Date of Award
Thesis: Open Access
MS Marine Science
Environmental and Ocean Sciences
Like ocean systems around the world, species targeted by the San Diego sportfishery are subject to myriad threats from human activity, with several species already showing documented decline. However, long-term fisheries datasets are often lacking, limiting natural resource managers’ ability to appropriately manage these ecologically and economically important species. Therefore, this study used daily reports published in two Southern California newspapers to examine changes in catch composition, effort, and catch per unit effort (CPUE) from 1959-2011 for the San Diego commercial passenger fishing vessel (CPFV) sportfishery. This study then tested the relationship between those patterns and three large scale oceanographic conditions to provide insights into potential drivers of change. During the study period, composition of landings changed from being dominated by relatively few species in the 1960s and 1970s to a richer, and different, composition in the 1990s through 2010s. No species displayed a trend of increasing CPUE, while CPUE for several species (Bonito, Barracuda, and Mackerel) decreased across the study period and changes in large-scale oceanographic conditions alone did not explain the change. Despite the popularity of California Halibut in the sportfishing community, its CPUE appears to have stabilized at low levels, potentially making it an example of a shifting baseline. Meanwhile, Sebastes spp were strongly associated with cold water, suggesting it may be prudent to model expected responses of species within this genus to changing ocean temperatures associated with global climate change. The State of California has and will continue to invest in the management of its coastal marine resources. These actions will be both more effective and more cost-efficient when based on the best available information regarding the populations and habitats it seeks to protect. As this study has shown, analysis of CPFV landings, combined with oceanographic data and information on management and angler preferences, can provide an important tool to help understand what is happening in the populations of popular sportfishing species.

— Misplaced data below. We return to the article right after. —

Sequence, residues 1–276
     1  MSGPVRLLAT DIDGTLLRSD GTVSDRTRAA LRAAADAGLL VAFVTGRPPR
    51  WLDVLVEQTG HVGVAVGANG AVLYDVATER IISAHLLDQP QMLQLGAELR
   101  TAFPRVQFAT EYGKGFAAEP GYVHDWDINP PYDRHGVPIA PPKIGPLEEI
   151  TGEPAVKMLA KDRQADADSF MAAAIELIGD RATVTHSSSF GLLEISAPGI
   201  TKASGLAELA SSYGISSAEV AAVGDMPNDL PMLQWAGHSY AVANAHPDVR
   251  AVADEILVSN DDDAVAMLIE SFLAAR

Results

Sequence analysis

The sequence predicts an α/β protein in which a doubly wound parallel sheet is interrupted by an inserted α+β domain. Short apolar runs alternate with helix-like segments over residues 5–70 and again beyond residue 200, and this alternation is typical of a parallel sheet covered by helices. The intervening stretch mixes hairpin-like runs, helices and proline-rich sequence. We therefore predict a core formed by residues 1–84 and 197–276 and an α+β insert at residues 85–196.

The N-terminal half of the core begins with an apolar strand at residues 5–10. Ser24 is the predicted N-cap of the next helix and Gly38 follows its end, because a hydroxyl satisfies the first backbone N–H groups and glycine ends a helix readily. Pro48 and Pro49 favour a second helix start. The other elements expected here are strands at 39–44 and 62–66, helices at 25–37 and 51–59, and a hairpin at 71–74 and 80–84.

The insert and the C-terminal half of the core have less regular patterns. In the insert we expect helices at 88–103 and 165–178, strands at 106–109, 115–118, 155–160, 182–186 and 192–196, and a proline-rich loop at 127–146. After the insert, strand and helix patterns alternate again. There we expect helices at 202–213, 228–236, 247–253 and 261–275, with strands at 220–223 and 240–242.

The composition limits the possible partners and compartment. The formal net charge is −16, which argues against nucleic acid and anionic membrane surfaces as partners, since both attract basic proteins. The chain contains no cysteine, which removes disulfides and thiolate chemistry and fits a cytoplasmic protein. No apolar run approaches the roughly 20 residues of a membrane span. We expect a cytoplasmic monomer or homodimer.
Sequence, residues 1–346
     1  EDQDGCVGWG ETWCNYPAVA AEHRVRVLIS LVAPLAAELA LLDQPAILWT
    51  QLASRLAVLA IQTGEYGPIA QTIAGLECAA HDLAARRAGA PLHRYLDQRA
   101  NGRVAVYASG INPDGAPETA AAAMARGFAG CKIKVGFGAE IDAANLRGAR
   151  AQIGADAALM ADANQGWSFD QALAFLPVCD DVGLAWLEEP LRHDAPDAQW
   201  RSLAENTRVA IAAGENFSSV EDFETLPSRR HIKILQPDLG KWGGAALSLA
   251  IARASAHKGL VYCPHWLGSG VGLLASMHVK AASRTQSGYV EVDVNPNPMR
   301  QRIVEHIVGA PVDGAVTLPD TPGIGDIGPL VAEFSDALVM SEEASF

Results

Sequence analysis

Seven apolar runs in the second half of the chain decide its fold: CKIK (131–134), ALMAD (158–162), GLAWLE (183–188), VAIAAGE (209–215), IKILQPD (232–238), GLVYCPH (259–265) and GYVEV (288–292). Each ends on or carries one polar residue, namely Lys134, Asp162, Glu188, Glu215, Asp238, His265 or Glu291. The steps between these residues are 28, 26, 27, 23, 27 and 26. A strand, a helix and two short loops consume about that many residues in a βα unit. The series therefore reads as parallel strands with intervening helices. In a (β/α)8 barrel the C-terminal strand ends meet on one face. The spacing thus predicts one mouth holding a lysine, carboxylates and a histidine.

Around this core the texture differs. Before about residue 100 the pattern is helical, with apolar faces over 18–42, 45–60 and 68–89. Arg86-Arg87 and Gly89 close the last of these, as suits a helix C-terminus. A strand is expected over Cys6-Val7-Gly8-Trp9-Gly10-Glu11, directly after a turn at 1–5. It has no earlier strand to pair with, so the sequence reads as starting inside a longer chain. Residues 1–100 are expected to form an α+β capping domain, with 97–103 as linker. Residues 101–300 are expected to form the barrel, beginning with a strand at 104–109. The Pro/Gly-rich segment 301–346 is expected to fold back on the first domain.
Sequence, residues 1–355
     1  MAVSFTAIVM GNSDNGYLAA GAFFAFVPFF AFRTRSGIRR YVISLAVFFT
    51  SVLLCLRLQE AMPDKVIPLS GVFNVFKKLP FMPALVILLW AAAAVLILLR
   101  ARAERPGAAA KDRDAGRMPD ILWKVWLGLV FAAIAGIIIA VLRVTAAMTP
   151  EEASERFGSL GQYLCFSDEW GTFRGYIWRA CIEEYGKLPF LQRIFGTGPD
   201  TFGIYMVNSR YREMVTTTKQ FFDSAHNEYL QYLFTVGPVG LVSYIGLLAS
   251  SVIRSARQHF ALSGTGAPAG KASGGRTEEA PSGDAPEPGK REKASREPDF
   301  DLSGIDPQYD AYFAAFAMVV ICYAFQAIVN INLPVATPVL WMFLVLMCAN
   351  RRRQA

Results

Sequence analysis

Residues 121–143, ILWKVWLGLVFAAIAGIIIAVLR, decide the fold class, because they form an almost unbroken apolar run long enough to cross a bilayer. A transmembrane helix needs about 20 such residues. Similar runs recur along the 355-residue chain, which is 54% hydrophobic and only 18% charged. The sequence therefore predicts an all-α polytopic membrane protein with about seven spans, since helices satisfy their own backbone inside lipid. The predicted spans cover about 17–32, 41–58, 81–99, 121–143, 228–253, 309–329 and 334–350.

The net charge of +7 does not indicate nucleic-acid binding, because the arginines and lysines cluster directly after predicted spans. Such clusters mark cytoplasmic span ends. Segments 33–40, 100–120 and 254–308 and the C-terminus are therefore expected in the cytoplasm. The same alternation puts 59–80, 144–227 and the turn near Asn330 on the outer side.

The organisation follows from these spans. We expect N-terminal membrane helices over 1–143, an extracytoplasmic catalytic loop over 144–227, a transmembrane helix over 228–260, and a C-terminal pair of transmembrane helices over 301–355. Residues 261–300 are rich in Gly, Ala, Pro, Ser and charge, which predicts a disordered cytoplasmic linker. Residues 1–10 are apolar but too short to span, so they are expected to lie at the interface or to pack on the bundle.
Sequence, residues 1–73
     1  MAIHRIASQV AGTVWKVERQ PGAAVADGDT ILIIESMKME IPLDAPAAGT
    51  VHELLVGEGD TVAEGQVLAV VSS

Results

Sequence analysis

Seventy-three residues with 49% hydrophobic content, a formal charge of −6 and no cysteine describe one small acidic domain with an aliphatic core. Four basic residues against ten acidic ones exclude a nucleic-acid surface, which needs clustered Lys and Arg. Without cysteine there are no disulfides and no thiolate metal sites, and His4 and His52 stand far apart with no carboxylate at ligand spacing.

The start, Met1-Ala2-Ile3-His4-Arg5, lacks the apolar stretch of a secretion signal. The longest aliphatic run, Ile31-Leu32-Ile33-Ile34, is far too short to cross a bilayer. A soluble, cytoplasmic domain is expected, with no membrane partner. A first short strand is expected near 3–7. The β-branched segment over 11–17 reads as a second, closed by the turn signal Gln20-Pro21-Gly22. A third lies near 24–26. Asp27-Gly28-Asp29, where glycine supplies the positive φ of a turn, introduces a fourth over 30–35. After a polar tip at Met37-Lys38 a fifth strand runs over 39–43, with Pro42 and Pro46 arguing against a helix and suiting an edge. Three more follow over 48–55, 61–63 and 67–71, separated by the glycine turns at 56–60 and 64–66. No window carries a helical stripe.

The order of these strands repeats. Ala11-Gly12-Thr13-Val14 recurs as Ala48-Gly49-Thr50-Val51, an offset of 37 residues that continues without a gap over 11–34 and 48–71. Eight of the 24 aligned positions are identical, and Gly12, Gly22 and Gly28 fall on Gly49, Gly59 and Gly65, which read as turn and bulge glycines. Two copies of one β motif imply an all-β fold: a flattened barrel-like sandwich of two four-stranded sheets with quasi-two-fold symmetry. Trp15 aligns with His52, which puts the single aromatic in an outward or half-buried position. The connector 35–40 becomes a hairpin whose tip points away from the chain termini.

Copyright held by the author
Digital USD Citation
Schwartz Lesberg, Rebecca, "Historical Ecology of the San Diego Sport Fishery: Catch Composition, Species Trends, and Fishing Effort from 1959 to 2011" (2021). Theses. 52.